A lifetime of amassing random pieces of test equipment has left me with a gap in my armoury, namely that I don’t possess a low frequency function generator. This could easily be addressed, but for two things. I have a love for exploring the cheaper end of exported electronics and my need for a function generator is less than my desire to spend significant cash. I’ve tried to balance these competing forces in the past by picking up an astoundingly cheap instrument; that time I ended up with a lemon, but will lightning strike twice in the same spot? I spent £10 ($13) on a different cheap function generator and set off to find out.
So Good, They Forgot To Name It
I could tell my DDS function generator was a quality product when I opened the anti-static bag it came in, for whoever manufactured it wasn’t prepared to put their name to it and it has no model number I can see. Hence I’ll refer to it as the Unnamed Chinese DDS Function Generator. Jokes aside, it seems to be of a generic type that can be found from a variety of the usual online stockists. It takes the form of a PCB about 100 mm by 80 mm with one of the ubiquitous alphanumeric display modules atop it, and a couple of BNC sockets for output. Control is via a set of momentary action buttons, and there are a couple of potentiometers for level and DC offset. Finally there is a 2.1 mm barrel jack through which it will accept 7 V to 9 V DC. Surprisingly the polarity of this is unlabelled, but a quick check of the electrolytic capacitor it’s connected to revealed the centre pin to be positive.
The previous cheap function generator had been an ATmega328 with a resistor ladder DAC, and it suffered from both huge distortion and inconsistent amplitude over its frequency range. I’m not expecting this one to be on a par with a four-figure-sum signal generator, but as long as it can deliver the waveform it claims and at the same amplitude and offset across its range then I’ll be happy with it. So my first order of business was to hook up the ‘scope and see how it handles delivering a sine wave.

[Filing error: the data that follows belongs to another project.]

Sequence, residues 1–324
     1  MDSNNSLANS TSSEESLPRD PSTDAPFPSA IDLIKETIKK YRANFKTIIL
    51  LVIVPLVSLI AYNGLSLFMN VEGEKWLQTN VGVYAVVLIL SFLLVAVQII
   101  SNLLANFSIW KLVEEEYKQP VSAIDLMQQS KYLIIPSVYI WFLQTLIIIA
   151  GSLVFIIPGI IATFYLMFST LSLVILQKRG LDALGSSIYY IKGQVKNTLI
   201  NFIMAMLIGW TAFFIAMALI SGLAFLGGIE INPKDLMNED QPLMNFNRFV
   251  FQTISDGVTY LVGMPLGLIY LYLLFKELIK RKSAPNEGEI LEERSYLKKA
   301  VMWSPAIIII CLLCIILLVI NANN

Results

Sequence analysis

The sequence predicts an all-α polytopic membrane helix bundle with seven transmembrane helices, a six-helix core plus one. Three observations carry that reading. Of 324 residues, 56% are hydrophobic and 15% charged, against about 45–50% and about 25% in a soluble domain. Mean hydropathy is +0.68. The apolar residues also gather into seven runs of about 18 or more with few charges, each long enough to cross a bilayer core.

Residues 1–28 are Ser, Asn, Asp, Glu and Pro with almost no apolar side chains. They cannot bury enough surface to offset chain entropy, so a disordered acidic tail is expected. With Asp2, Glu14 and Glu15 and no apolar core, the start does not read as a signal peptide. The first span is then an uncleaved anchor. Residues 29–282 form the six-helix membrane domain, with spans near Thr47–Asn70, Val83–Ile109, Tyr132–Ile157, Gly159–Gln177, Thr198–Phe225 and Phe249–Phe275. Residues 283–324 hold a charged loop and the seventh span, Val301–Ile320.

The good news is that this generator does exactly what it claims. From its 1 Hz lower end to its 65.5 kHz upper end, the sine wave shape remains the same and the amplitude and offset I selected on the two potentiometers is consistent. The other waveforms are the same, square, triangle, sawtooth, random noise, and unexpectedly, an ECG waveform that looks super realistic at 1 Hz with a 200 mS timebase. Is that in there for novelty film props? There is also a separate higher frequency square wave output that can deliver between 1 MHz and 8 MHz at logic levels.
So it’s a capable little function generator, but where is the bad news? As you’d expect from a £10 outlay it’s not quite a perfect function generator. At the higher frequencies its sample step becomes visible on the ‘scope, but most annoyingly in operation, the potentiometers lack a fine control. Getting an amplitude and offset right on the mark can be a frustrating process. Still neither of these come as a game over moment for such a cheap instrument, even with them it will suffice for my needs.
What Powers This Unexpectedly Useful Instrument?
Undoing the two screws to remove the LCD, and the device’s inner secrets are laid bare. At its heart is an ATmega16 with an R/2R resistor ladder DAC made with an array of 10 kΩ and 20 kΩ resistors, and following that is an NE5532 dual op-amp that presumably handles the amplitude and DC offset. Finally there is an ICL7660 switched-capacitor voltage doubler unexpectedly in a socketed DIP-8 package, at a guess to give enough DC overhead to provide the range of output voltages. Otherwise the only semiconductor is a 78L05 voltage regulator, making it a surprisingly simple device.
In conclusion then, should you spend your tenner on this function generator? Being honest, I splashed out on it half in the expectation of another entertainingly bad piece of junk to amuse you with, and was instead pleasantly surprised to receive a unit that works as expected and delivers exactly what I need from a cheap function generator. In that case it’s a definite diamond in the rough, and should you need an audio function generator and don’t mind a few shortcomings then you should certainly give it a look.